- 22 Apr 2021
The sand is escaping the hourglass of the Big 3, and as it does we learn more about the collective mindset of this iconic group of tennis demigods. Roger Federer, thought to be in his final or penultimate season, is nearing the end of the line, and Rafael Nadal, who will turn 35 during Roland-Garros and Novak Djokovic, who will be 34 in May, are not that far behind him.
Still capable of great tennis, we have learned lately that the card-carrying members of the Big 3 are also quite good at philosophising. When they look forward to their future in the sport, or are asked to contemplate what legacy they might leave behind, we learn that each of the three view life from a unique vantage point.
Federer: timeless, knows his records are falling
Roger Federer, pushing 40 yet still harbouring hopes of a grand renaissance at Wimbledon this summer, is resigned to live a fate similar to that of the legendary Pete Sampras. Just two decades ago, the stoic American had leapfrogged Laver and Emerson and stood alone at the top of the Grand Slam mountain. His 14 major titles seemed unfathomable – certainly he had done enough to remain the Grand Slam king for all eternity?
Those of us who believed it know now how foolish we were. Federer himself is a wiser chap. He knows that both Nadal and Djokovic are going to pass him and leave him stranded at third on the men’s singles Grand Slam titles list with 20 – or perhaps 21 if you believe that the Swiss has a Wimbledon miracle in him.
“I think the way it’s going, obviously, Rafa and Novak will win more,” Federer said during an interview at the beginning of 2020, with The Associated Press, “because they’re that good. And the season they had (in 2019), again, shows that there is more to come for them.”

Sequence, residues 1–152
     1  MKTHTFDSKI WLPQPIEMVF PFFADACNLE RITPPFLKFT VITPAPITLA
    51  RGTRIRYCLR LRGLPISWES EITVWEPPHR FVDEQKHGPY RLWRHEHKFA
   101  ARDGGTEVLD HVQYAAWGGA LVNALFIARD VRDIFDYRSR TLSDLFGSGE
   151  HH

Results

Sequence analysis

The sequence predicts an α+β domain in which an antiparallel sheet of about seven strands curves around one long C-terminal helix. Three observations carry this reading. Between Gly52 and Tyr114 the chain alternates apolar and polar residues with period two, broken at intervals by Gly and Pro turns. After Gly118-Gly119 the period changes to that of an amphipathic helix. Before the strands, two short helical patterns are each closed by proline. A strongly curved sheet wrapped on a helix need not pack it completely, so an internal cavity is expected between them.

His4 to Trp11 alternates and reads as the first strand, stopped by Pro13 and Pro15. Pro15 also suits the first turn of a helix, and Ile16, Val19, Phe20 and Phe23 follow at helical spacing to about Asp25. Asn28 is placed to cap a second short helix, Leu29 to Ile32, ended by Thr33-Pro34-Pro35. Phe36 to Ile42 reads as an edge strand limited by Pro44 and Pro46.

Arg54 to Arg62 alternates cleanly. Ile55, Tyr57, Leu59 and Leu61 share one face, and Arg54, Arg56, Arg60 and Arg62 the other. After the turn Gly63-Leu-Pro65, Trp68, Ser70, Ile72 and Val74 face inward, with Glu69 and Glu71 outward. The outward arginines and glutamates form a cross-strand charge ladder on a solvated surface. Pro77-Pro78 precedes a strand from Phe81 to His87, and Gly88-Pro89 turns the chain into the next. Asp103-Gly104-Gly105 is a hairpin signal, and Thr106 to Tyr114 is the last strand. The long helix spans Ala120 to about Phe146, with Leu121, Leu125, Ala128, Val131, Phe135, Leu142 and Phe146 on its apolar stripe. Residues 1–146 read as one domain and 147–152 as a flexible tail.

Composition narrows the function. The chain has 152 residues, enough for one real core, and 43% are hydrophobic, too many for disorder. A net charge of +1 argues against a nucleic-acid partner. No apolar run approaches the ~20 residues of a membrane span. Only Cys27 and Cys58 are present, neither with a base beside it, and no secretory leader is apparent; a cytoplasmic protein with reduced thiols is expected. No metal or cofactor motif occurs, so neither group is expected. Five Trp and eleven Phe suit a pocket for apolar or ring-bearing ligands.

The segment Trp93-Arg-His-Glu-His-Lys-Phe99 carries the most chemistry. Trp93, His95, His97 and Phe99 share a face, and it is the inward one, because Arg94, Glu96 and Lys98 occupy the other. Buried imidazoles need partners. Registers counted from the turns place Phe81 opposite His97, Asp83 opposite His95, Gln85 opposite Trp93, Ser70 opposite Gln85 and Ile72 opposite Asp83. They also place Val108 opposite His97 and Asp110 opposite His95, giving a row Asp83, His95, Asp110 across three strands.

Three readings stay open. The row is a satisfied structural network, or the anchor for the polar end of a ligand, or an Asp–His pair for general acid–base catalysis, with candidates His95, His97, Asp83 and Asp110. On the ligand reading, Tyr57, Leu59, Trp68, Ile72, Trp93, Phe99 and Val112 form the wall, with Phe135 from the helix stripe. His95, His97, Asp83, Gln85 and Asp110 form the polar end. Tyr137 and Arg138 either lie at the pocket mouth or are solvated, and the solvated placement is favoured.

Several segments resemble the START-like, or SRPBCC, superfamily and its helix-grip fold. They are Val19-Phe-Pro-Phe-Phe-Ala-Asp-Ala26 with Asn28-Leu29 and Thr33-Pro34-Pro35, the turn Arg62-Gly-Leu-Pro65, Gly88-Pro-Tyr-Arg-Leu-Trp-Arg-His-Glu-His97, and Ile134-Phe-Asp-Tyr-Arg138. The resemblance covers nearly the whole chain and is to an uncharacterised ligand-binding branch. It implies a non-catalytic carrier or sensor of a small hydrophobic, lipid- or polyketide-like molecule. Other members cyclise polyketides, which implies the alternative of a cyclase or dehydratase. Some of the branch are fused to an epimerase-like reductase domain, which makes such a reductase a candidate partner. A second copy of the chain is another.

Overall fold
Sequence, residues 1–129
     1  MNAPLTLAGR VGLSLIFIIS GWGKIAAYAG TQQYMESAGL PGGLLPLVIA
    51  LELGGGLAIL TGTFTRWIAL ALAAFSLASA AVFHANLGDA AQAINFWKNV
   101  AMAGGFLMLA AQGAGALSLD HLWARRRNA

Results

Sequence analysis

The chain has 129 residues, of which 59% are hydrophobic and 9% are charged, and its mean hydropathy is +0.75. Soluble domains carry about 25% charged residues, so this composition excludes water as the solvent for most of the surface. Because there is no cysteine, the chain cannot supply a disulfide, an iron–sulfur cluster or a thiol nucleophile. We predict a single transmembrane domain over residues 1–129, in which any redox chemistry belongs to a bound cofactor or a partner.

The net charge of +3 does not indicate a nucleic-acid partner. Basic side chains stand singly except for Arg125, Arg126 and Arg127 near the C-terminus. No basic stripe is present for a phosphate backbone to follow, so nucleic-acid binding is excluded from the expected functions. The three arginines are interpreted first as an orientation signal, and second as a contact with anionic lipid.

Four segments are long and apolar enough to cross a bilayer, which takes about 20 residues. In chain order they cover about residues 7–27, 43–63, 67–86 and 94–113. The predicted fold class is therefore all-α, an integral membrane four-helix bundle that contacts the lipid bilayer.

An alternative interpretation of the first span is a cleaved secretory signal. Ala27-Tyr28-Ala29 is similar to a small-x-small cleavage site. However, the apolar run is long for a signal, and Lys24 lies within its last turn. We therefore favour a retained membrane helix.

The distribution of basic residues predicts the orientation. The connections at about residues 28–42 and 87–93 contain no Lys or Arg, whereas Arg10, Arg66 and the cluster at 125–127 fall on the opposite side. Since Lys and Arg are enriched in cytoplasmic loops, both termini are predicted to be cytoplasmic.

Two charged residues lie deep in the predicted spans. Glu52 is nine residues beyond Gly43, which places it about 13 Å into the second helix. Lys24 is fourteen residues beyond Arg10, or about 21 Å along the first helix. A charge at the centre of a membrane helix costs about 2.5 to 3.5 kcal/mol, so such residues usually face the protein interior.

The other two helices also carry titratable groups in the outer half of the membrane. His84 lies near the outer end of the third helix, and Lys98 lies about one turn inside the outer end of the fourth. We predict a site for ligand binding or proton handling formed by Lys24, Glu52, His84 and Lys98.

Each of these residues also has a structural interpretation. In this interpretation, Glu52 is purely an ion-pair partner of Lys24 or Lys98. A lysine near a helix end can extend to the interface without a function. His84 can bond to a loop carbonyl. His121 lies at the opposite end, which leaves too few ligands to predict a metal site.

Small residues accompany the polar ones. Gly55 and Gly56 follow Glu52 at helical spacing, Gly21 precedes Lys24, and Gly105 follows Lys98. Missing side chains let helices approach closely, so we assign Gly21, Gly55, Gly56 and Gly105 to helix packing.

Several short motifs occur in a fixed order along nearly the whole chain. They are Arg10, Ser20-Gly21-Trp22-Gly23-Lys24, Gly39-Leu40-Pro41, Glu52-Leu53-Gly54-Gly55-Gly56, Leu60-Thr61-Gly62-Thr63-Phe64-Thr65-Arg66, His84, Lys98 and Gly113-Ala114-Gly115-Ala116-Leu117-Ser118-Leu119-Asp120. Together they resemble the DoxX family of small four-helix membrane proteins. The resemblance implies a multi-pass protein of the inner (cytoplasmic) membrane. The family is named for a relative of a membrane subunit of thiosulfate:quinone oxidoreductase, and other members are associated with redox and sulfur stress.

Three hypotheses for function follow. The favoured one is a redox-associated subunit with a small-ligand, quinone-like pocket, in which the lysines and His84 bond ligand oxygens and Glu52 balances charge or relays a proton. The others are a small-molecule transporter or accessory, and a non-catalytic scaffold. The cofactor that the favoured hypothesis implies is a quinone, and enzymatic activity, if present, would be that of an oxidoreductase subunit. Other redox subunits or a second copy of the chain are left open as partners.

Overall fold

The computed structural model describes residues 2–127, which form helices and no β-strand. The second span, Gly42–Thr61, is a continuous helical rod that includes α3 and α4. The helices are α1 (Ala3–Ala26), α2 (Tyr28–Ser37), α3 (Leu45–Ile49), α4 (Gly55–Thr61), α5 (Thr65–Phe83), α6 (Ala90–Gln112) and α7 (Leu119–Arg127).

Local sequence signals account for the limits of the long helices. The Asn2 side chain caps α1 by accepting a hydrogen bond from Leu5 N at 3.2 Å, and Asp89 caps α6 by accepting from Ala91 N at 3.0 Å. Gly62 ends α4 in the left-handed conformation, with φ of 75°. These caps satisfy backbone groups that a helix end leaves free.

He was right about that. Even with the pandemic grinding the tennis tours to a halt, Nadal managed to tie Federer by earning his 20th major title at Roland-Garros in October last year, while Djokovic has captured his eighth and ninth Australian Open titles to reach 18 majors.
This year, in Doha, on the eve of his comeback to tennis after more than a year off the tour Federer spoke again about his two main rivals.
All of it is “great for tennis”
“I think what Novak and Rafa have done as of late again is extraordinary,” he said. “They are not 25 either, you know, themselves. They are able to back it up. Novak again did it in Australia. Rafa again did it at the French and they being, they seem, at their peak, which is great for tennis, you know, and it’s great for the debate.”
Federer says his concern is not about the race to 21 Slam titles or the all-time count, or any records for that matter. Now, with most of his illustrious career in the rearview mirror, he just wants to be healthy and enjoy his final years on tour.